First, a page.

A gallium scan is a
nuclear medicine test. A nuclear medicine test uses a
special camera to take pictures of specific tissues in the body after a
radioactive tracer (radionuclide or radioisotope) makes them visible. Each type
of tissue that may be scanned (including bones, organs, glands, and blood
vessels) uses a different radioactive compound as a tracer. The radioactivity
of a tracer decreases over a period of hours, days, or weeks. The tracer stays
in the body until it is eliminated as waste, usually in the urine or stool
During a gallium scan, the tracer (radioactive gallium
citrate) is injected into a vein in the arm. It travels through the bloodstream
and into the body's tissues, primarily the bones, liver, intestine, and areas
of tissue where inflammation or a buildup of
white blood cells (WBCs) is present. It often takes
the tracer a few days to build up in these areas, so in most cases a scan is
done at 2 days and again at 3 days after the tracer is injected. Areas where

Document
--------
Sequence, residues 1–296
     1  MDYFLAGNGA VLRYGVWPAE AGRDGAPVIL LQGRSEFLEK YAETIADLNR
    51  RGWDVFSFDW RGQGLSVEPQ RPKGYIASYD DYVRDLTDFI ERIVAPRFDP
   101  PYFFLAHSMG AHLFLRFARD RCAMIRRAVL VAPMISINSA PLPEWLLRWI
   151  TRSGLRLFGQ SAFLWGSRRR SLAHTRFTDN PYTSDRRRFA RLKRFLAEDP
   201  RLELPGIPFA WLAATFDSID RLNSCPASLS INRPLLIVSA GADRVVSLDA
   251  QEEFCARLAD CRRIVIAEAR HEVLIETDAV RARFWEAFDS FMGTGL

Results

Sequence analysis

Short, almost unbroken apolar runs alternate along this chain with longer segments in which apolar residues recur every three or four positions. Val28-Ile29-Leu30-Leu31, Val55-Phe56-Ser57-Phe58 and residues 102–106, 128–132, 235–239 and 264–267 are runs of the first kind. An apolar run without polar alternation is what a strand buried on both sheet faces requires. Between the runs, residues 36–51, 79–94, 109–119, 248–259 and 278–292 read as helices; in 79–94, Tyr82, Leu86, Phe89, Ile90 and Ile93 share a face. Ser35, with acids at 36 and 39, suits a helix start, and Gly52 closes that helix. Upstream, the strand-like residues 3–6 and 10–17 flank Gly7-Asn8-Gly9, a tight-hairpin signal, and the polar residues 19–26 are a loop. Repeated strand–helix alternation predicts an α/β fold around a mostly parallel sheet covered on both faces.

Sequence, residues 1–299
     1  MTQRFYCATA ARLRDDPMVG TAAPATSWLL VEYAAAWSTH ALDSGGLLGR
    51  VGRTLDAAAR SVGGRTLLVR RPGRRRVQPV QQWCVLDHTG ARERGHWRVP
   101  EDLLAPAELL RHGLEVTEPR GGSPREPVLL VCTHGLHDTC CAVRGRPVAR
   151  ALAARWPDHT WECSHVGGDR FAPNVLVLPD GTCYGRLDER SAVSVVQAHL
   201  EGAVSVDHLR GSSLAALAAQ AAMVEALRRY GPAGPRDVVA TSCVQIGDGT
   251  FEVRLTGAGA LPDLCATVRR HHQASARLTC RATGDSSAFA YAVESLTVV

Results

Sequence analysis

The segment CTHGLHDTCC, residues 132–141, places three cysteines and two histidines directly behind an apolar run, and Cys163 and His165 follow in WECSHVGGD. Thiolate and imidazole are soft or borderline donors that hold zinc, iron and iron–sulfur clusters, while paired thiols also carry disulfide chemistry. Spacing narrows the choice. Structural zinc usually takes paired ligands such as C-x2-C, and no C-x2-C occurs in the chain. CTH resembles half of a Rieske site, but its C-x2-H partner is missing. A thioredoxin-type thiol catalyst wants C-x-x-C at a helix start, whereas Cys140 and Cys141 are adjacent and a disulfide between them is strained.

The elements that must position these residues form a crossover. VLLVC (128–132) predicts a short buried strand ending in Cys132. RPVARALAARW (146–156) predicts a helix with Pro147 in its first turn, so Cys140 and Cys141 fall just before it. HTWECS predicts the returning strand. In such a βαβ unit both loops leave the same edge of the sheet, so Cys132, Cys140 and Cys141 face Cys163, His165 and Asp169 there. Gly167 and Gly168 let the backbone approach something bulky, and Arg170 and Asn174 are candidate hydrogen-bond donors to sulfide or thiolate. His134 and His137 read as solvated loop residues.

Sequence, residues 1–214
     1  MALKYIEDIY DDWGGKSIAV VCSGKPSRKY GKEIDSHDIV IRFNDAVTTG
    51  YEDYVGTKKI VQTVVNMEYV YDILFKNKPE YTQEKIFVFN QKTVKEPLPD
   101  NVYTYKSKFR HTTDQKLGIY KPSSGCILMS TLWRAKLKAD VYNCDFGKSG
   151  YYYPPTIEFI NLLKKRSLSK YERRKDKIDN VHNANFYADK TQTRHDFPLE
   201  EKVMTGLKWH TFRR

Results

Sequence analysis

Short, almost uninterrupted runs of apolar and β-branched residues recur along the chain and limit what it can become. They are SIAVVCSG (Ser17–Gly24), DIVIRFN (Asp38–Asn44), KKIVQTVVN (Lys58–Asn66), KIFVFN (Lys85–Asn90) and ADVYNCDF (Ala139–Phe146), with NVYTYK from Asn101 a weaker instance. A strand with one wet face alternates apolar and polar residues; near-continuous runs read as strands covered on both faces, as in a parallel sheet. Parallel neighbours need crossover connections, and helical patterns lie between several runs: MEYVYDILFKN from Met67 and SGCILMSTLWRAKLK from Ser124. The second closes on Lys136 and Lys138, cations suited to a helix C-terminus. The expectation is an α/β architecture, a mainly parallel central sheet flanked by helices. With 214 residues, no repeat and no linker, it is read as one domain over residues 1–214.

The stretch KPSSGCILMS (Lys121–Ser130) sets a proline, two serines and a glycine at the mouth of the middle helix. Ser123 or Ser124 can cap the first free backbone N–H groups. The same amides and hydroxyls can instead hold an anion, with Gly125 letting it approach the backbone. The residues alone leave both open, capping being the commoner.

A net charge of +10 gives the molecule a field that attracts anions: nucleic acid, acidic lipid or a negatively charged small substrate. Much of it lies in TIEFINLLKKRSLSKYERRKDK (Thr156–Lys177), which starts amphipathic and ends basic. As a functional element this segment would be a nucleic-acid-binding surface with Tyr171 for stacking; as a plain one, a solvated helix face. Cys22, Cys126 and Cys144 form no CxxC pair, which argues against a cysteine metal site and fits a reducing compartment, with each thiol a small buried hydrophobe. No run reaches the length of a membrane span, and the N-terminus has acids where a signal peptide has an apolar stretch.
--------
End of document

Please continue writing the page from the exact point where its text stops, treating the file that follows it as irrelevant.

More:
the tracer builds up in higher-than-normal amounts show up as bright or "hot"
spots in the pictures. The problem areas may be caused by infection, certain
inflammatory diseases, or a tumor.
Why It Is Done
A gallium scan is done to:
- Detect the source of an infection that is
causing a fever (called a fever of unknown origin).
- Detect an
abscess or certain infections, especially in the
- Monitor the response to
inflammatory conditions such as
pulmonary fibrosis or
- Detect certain types of
cancer (such as
lymphoma). A gallium scan also may be done to see if
cancer has spread (metastasized) to other areas of the body, or to watch how
well a cancer treatment is working.
How To Prepare
Before the gallium scan, tell your
- You are or might be pregnant.
are breast-feeding. If you will no longer be breast-feeding after the test, you
will be asked to stop breast-feeding 2 weeks before the test so that the
radioactive tracer will not build up in your breast tissue. If you will
continue to breast-feed after the test, it is recommended that you not use your
breast milk for 4 weeks after a gallium scan because the tracer can be passed
to your baby. Some doctors may advise you to stop breast-feeding completely
after this scan.
- Within the 4 days before the gallium scan, you
have had an X-ray test using barium
contrast material (such as a
barium enema) or have taken a medicine (such as
Pepto-Bismol) that contains bismuth. Barium and bismuth can interfere with test